Also, take the MSF course!

Last edited by slaps76; 12-11-2005 at 06:05 PM.
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post #7 of 23 (permalink) Old 12-11-2005, 06:09 PM
 
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I agree with Fantic. For the selling of that bike will supply you with a good bike to learn on, proper protective riding gear, your learners riding school, & still money in your pocket that can be spent sensibly.

Rather then looking at how long it will take you to get out of the hospital or that possibly you really are paralized & it will be for life. Only an experienced rider could ride such a bike & it would be at the track or probably as a museum piece.

I probably have the money to buy such a bike, but I never would as I like to ride the up & down twisty Cdn Rockie Mtn roads & even then my three sportbikes are more then I need yet well below the price your uncle payed.
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post #8 of 23 (permalink) Old 12-11-2005, 06:17 PM
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Here's a link to a write-up on your bike.

That's a beautiful machine, mate.




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post #9 of 23 (permalink) Old 12-11-2005, 07:45 PM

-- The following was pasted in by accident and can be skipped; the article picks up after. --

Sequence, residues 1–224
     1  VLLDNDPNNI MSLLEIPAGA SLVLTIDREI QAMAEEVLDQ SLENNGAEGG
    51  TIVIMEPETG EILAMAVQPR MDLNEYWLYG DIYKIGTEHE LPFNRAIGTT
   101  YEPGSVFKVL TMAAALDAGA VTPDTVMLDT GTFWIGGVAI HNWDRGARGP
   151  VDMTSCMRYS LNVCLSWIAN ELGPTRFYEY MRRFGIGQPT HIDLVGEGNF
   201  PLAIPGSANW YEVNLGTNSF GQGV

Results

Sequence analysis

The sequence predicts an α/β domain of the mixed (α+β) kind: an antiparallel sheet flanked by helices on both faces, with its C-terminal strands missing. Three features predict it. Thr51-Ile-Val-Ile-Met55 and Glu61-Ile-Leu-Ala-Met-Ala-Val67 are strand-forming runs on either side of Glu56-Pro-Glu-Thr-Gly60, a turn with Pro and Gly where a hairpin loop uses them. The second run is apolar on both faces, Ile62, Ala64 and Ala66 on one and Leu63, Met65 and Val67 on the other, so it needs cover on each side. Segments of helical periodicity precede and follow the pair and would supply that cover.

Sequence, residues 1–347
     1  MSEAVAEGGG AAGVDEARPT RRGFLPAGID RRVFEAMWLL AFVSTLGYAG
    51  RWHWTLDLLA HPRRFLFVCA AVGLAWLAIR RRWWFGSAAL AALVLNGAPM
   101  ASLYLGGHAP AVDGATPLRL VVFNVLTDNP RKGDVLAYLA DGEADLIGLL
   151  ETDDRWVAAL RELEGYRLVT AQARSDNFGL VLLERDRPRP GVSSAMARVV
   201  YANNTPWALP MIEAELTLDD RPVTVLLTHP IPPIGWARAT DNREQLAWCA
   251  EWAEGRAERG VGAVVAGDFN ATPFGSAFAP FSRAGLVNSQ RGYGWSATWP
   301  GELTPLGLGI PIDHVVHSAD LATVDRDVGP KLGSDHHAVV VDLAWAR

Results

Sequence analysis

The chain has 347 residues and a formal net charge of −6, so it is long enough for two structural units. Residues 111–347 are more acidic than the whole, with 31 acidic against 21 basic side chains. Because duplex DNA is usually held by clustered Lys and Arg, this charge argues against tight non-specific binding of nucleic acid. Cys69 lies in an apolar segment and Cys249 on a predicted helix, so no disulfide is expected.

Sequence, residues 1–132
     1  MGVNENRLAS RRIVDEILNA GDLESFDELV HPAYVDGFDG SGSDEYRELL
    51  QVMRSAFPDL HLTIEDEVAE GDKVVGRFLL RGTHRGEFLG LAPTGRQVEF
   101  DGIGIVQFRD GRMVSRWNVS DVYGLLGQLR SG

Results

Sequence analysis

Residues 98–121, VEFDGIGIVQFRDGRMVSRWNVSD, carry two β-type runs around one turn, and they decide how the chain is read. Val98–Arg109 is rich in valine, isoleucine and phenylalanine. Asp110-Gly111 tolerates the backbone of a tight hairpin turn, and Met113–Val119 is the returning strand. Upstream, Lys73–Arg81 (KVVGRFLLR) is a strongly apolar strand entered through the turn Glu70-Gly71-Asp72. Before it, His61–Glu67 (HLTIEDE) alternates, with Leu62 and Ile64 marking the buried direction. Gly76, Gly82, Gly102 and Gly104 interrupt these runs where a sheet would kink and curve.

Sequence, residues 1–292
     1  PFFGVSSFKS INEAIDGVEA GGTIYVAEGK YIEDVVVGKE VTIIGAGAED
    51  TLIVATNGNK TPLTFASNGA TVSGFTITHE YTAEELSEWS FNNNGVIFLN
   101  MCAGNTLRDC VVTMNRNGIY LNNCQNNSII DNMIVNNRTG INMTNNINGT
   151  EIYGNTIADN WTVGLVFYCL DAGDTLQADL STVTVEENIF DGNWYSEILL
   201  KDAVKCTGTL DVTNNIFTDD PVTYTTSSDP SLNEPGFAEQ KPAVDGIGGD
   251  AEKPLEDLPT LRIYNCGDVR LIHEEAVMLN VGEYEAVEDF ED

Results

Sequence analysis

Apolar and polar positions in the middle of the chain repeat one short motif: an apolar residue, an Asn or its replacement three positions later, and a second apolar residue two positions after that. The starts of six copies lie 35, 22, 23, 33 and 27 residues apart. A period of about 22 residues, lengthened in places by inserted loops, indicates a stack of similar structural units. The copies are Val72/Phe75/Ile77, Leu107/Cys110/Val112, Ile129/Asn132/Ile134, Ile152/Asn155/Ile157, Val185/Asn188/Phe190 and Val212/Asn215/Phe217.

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Quote:
Originally posted by bjcistok
i have another question can the speed of the mv be compared with the speed of a hayabusa

+ i talked to my uncle and he said it is some kind of limited edition bike
F4-1000 Tamburini so im gonna keep it but could you tell me a good starting bike
Hayabusa will be faster on straight line, but it serves no purpose comparing the two really. It's like muscle car vs Ferrari 360, take your pick on which is fast, but I bet one will handle better.

That Tambo is an exclusive bike even among the F4 1000s, simliar to Black Mamba kit (another version of F4), consider it black pearl among pearls.

Quote:
Only 300 examples of the F4-TAMBURINI will be produced worldwide. As with all other special-edition MV Agusta models (such as the F4 Serie 'd Oro, F4-SENNA, F4-SPR, and F4-AGO), the F4-TAMBURINI will only be produced once and will not be repeated.

The heart of the F4 1000 TAMBURINI's performance is the revolutionary TSS system (Torque Shift System) based on the concept of variable intake geometry. This is an absolute first in motorcycling history and is the first time such an innovation has been fitted to a mass-produced motorcycle. The result is an engine that offers an immediate response from even the lowest revs and maximum torque positioning (83.1 ft-lbs @ 9,200 rpm) that comes in at about 1,000 rpm less than the F4-1000-S. This incredible performance is despite the use of cam profiles that are more oriented to track than road use.
MSRP: USD$ 42,695


http://www.mvagustausa.com/web-mvagu...1000_Tamb.html

This bike already has a cult following and considered collector's item from the showroom floor, but as the years go by, I suspect it will go up in value pending on condition and lack of use.




This is like Mr. Deeds (Adam Sandler movie), a generous uncle shows up like a lottery.

Last edited by Z_Fanatic; 12-11-2005 at 08:00 PM.
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post #10 of 23 (permalink) Old 12-11-2005, 09:41 PM
 
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So.. you're 18 and your uncle is giving you that bike. Damn!